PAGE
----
However pursuant to section 38.1 (3) the court did have the right to award a lower amount when there is more than one work or subject matter in a single medium and the awarding of the minimum amount would result in a total award grossly out of proportion to the infringement. The statute also provided that the court shall consider all relevant factors, including the good faith of the defendant, the conduct of the parties, and the need to deter other infringements.
Trader argued that the right to reduce the statutory damages did not apply because the photographs were not reproduced in a single medium. However the court accepted that the CarGurus website was a single medium for this purpose. In the end, the court reduced the statutory damages to $2 a photo for a total of $305,064. In so doing the court had consideration for a number of factors, including that CarGurus had never taken material from Trader’s website but had used material from dealers that it thought the dealers had a right to give, that it had obtained legal advice and that it has followed the business model it had used in the US. The court also noted that the initial complaint made no mention of the capture service, which represented 5% of the photos on that site and that as soon as it became aware of the capture service and the copyright claim over those photos CarGurus had removed them from the site.
The court also took into account other similar copyright statutory awards, the fact that a license fee would have cost CarGurus $17,535, had it known of the need to obtain one, that similar photos cost between $0.22 to $0.93 per photo, that Trader’s cost for producing the photos would not have been greater than $118,864, that Trader had no damages and lost no business as a result of the infringement and that CarGurus made no profits in Canada.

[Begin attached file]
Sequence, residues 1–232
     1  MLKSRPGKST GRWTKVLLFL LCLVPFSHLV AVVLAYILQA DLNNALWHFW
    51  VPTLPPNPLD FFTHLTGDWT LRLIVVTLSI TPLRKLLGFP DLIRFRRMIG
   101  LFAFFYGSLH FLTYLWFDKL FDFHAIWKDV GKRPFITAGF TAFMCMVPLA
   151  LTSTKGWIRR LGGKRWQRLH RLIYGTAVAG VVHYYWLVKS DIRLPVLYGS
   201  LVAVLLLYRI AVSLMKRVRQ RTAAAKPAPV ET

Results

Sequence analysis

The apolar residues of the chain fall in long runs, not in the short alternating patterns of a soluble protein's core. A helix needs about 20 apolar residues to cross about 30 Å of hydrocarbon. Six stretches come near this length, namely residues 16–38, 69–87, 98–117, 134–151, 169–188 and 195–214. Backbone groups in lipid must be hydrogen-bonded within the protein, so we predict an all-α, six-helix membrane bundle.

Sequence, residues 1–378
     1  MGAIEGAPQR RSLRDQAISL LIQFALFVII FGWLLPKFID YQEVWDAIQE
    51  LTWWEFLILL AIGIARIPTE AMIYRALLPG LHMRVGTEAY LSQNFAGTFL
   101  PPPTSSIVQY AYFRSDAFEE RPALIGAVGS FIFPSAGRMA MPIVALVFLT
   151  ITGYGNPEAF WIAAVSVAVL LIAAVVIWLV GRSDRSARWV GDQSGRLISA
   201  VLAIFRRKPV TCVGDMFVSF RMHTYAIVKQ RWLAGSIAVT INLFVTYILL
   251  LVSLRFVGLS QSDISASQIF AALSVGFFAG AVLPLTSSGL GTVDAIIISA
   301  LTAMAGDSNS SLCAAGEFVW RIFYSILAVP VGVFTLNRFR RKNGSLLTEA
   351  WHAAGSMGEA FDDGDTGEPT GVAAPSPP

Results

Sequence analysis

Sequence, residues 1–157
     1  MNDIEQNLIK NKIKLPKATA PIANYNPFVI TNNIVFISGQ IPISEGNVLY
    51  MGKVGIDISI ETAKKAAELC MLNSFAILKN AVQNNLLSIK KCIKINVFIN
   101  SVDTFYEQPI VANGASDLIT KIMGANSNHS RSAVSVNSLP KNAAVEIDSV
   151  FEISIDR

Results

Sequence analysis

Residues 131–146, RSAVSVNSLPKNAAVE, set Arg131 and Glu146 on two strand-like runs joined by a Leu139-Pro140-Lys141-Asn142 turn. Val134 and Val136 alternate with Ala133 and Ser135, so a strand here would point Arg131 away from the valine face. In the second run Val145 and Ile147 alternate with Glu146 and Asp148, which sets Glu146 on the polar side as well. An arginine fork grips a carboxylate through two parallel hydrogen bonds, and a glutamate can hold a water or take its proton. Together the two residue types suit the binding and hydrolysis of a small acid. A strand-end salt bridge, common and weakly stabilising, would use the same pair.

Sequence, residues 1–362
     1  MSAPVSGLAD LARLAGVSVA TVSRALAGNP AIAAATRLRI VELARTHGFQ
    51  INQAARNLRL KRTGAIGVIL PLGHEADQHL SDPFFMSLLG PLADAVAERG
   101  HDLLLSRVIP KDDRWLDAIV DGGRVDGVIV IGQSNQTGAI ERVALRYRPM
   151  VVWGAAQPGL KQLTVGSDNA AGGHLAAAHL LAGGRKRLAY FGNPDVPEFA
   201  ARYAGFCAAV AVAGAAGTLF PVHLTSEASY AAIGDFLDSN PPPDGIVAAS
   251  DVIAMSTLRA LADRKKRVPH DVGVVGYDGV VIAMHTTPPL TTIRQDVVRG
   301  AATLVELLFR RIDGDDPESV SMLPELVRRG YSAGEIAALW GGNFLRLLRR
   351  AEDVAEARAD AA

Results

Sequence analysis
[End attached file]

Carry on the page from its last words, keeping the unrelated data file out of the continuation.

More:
The court also refused to award a permanent injunction given that the infringing photos had been removed.
On the one hand CarGurus was at fault for assuming the situation that prevailed in the US regarding copyright in some of the photos prevailed also in Canada. It failed to do proper due diligence. On the other hand this case shows the value of acting quickly and pre-emptively to remove any offending material. As well, Trader clearly could have been more forthcoming in identifying its copyrighted works upfront, particularly in the situation here where the provenance of the works was dealers who appeared to have the rights to them.
1 C-466/12 13 February 2014 The CJEU concluded “that the provision on a website of clickable links to works freely available on another website does not constitute an act of communication to the public”
2 C-348/13 21 October 2014
3 C-160/15 GS Media v Sanoma September 2016